Expected Macroeconomic Environment

After global economic growth stagnated at the prior-year level in 2016, the International Monetary Fund (IMF) expects increased momentum in the forecast period with global GDP growth of 3.4 % in 2017. This trend will be driven by both the advanced and the emerging economies, for which the IMF forecasts a positive economic development. However, the outlook is still subject to economic risks arising from the Brexit vote and the change of government in the USA, among other things. Despite this uncertain environment, the IMF expects world trade to pick up significantly. At 3.8 %, growth is likely to be twice as fast as in the previous year. This would match the 2014 level and global trade would outpace GDP growth for the first time in three years.

Growth Expectations for GDP

in %




Trend vs. 2016

Source: International Monetary Fund (IMF), January 2017





Advanced economies








Emerging economies
















Central and Eastern Europe
(emerging european economies)








World trade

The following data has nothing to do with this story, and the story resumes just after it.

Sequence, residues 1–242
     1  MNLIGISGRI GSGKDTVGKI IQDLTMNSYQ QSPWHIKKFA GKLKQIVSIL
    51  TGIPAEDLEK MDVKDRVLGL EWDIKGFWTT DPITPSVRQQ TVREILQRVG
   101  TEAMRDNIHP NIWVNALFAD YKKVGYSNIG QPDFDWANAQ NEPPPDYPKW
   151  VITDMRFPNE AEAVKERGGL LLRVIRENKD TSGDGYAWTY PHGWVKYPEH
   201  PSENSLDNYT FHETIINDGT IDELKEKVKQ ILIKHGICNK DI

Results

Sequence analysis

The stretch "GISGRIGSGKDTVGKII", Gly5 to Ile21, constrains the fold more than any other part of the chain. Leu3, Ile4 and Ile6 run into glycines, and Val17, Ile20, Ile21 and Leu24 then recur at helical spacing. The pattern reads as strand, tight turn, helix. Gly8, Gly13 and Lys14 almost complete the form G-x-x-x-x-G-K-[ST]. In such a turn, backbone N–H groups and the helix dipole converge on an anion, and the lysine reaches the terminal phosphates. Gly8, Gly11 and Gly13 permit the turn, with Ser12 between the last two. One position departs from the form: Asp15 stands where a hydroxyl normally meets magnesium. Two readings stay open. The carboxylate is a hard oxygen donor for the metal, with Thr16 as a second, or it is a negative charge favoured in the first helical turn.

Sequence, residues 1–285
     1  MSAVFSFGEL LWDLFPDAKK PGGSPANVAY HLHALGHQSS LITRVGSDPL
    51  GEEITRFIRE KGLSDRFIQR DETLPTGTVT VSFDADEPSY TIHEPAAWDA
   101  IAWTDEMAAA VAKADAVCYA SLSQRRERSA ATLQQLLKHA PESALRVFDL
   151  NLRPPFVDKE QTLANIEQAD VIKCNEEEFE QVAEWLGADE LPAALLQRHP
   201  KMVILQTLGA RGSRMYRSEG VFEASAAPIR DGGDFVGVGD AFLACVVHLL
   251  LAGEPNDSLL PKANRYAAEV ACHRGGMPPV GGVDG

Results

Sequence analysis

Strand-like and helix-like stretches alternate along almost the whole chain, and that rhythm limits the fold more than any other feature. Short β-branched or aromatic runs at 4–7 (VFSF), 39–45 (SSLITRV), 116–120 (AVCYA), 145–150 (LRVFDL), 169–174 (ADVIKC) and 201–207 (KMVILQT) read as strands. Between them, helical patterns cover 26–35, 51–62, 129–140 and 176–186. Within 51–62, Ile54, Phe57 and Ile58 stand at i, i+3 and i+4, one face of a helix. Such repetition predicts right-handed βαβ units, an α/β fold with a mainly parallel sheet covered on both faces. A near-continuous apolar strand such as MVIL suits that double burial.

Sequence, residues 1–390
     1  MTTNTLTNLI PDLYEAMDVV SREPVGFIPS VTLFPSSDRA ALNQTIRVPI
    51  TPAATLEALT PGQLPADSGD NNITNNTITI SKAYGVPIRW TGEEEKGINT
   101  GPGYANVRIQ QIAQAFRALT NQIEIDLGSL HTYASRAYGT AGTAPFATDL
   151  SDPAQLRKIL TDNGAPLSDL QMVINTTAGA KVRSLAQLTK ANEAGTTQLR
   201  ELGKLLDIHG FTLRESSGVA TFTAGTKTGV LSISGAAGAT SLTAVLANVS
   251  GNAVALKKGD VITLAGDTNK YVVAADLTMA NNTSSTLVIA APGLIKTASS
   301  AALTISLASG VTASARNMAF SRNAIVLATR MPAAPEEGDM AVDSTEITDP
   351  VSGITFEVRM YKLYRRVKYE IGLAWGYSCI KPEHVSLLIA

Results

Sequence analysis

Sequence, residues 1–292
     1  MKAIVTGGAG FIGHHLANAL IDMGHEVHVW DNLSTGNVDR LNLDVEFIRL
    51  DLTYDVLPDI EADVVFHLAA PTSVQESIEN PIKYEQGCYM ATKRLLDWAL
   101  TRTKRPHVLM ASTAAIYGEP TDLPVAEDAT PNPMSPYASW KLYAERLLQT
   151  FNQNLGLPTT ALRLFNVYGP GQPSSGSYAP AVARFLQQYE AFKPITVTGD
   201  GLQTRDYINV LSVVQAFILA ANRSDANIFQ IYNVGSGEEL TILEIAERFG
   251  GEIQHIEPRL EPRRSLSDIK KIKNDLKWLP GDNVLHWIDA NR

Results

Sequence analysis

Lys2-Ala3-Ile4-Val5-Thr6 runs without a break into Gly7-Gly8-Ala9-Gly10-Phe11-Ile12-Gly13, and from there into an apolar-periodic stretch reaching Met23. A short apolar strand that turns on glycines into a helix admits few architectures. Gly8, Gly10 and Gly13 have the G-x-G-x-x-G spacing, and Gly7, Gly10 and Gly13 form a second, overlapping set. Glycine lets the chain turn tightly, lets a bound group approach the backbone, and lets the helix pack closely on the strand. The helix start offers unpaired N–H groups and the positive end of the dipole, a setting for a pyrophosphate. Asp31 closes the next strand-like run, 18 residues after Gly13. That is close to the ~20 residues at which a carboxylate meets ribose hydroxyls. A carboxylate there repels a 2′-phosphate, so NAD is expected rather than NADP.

Sentiment indicators in the advanced economies point to a slight economic upturn. The IMF has upgraded its forecast slightly and now expects total economic output to increase by 1.9 % in 2017. Growth will be driven by the USA in particular, where the newly elected government has announced a more expansive fiscal policy to stimulate the economy. The emerging economies should see stronger economic growth in 2017 but uncertainties remain. Although the IMF has lowered its economic outlook slightly by 0.1 percentage point, it still expects a significant 4.5 % increase in economic activity for 2017. According to IMF estimates, the downturn in the Chinese economy resulting from politically initiated structural changes will not continue as strongly as expected in October 2016. In view of this more stable trend, the IMF has lifted its outlook for 2017 slightly to 6.5 %. However, this is still 0.2 percentage points below the prior-year figure. Experts believe that the Russian economy will pull out of recession in the forecast period. Higher crude oil prices in particular will provide relief. However, structural bottlenecks and the restrictions on trade imposed by sanctions will prevent a stronger economic recovery. The IMF is therefore upholding its growth forecast of 1.1 %. The IMF assumes that GDP growth in the eurozone in 2017 will be stronger than forecast in October 2016, but still slightly down on the previous year at 1.6 %. After a slowdown in 2016, the IMF anticipates slightly stronger growth of 3.1 % in Central and Eastern Europe in the forecast period. The IMF’s experts also anticipate further robust growth of 1.5 % for the German economy – albeit slightly below the prior-year level.